Mar 7, 2020 3:07 PM CST
FWIW -- One of the first roses we acquired was 'Reine des Violettes'. I learned a lot from that rose.

It grew here for 20 years, and during that time, we, and others, would stand and look at it, and marvel at the fact that it had NEVER shown a sign of RMV. (This was long before testing for it . . . )

Finally, it's 20th winter passed, and it got so cold that plants in the area actually froze. It set low-temp records. and RdV actually fell into dormancy.

When it leafed out again in the spring, it looked like a paisley scarf. There wasn't a single leaf that was not marked.

Then, it died.
SW Ohio River Valley (Zone 6b)
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vaporvac
Mar 7, 2020 4:37 PM CST
Hard to like the ending, Jeri. : (( Did you ever get a replacement?
Name: seil
St Clair Shores, MI (Zone 6a)
Roses Garden Photography Region: Michigan
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seilMI
Mar 7, 2020 8:55 PM CST
Truthfully I'm not sure that is RMV. The first 4 pics look like a fungal disease to me. The last cream one could be RMV but it's hard to tell.

A really good place to start to ID that disease is on Baldo Villegas' web site of rose pests and diseases
http://www.sactorose.org/roseb...

Coastal Southern California (Zone 13a)
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jerijen
Mar 8, 2020 12:51 PM CST
Vaporvac -- No. We did not.

By that time, I'd learned that most roses with a significant Multiflora background don't fare at all well here, in our alkaline conditions --

And, yes. I know I can adjust that with the addition of various supplements ... but the alkalinity of our water dictates that the supplements must be applied over and over to remain effectives, and I just don't care to do that -- over and over.

It's just easier to grow something else.
Name: Rosemary
Sacramento, CA (Zone 9b)
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reh0622
Aug 22, 2020 5:03 PM CST
Thank you, Seil, for responding. I have never worried about it until this new season, because for the first time I am seeing new leaves that are speckled dying and falling off, but I am starting to think it's not from the virus but from an underlying severe deficiency. such as a lack of nitrogen. I plan to give the bushes a good dose of fish emulsion and see if that helps.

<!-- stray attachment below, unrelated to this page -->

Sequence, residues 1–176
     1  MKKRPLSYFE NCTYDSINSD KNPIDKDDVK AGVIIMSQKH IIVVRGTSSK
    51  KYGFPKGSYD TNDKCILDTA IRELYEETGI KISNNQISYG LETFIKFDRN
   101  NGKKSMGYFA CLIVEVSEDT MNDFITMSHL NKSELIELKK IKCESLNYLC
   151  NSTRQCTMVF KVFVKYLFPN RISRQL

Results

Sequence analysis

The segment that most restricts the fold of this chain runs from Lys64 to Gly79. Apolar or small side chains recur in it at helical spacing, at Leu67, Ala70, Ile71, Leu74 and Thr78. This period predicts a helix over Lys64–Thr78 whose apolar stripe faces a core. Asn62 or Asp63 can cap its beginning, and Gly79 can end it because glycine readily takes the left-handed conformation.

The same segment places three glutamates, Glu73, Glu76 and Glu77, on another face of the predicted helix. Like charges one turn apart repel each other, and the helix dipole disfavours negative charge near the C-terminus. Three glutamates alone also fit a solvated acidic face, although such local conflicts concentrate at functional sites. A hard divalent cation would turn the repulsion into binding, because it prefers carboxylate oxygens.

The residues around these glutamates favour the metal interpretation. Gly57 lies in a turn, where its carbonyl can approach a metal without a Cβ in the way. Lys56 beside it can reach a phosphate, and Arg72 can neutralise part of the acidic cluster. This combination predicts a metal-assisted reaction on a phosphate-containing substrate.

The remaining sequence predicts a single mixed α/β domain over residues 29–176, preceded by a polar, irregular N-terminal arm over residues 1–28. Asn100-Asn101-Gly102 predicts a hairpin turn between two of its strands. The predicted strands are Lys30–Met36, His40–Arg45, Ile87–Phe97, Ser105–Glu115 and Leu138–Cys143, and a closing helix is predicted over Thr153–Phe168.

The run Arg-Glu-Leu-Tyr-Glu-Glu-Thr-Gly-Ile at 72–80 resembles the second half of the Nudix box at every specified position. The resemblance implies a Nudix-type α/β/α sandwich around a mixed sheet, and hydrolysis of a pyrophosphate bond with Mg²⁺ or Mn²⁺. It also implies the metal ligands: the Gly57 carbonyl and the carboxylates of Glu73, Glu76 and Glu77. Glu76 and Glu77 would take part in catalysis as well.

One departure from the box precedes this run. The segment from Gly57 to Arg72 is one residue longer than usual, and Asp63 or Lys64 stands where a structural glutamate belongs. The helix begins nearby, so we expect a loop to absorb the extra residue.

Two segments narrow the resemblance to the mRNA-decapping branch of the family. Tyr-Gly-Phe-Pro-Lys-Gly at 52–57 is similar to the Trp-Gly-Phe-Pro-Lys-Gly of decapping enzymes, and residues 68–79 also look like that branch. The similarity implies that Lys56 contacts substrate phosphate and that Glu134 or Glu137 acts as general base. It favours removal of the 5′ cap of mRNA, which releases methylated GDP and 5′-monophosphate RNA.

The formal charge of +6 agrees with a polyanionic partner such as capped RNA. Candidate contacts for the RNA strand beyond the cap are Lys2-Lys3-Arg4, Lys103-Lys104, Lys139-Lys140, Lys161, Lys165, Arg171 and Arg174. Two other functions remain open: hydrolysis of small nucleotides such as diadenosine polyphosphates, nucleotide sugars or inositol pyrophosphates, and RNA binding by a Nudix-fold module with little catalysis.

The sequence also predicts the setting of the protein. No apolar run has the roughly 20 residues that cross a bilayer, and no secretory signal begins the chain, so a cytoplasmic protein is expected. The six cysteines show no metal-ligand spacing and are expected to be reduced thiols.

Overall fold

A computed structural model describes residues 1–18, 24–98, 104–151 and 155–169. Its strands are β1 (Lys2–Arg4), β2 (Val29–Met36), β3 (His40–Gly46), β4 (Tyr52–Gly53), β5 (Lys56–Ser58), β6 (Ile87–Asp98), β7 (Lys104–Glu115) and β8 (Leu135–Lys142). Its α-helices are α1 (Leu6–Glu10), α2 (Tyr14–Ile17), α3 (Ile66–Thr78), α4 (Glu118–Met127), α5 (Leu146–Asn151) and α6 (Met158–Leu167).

Thumb of 2020-03-07/reh0622/0e8786
Thumb of 2020-03-07/reh0622/d24e30
Thumb of 2020-03-07/reh0622/035d44
Thumb of 2020-03-07/reh0622/067a26
Thumb of 2020-03-07/reh0622/e102dc

Name: Mike Stewart
Lower Hudson Valley, New York (Zone 6b)
Garden Photography I was one of the first 300 contributors to the plant database! Roses Seed Starter Container Gardener Bulbs
Peonies Clematis Lover of wildlife (Black bear badge) Dog Lover Cat Lover Birds
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Mike
Aug 22, 2020 5:21 PM CST
I agree with Seil; that doesn't definitively look like RMV to me. I also doubt you have a nitrogen deficiency, or it would affect the entire plant and all its leaves, not just a few. Honestly, it looks like plain ol' fungi to me.
Coastal Southern California (Zone 13a)
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jerijen
Aug 22, 2020 5:22 PM CST
Well, that last image is RMV, of that I'm sure. If it were me, I'd just more or less assume the others were, but ... it seems odd to see it show up so prominently in such hot conditions.

I think I'd take all those icky leaves off and watch to see what showed up next.
Name: Mike Stewart
Lower Hudson Valley, New York (Zone 6b)
Garden Photography I was one of the first 300 contributors to the plant database! Roses Seed Starter Container Gardener Bulbs
Peonies Clematis Lover of wildlife (Black bear badge) Dog Lover Cat Lover Birds
Image
Mike
Aug 22, 2020 5:42 PM CST
True, the last photo is different from the others... could be RMV.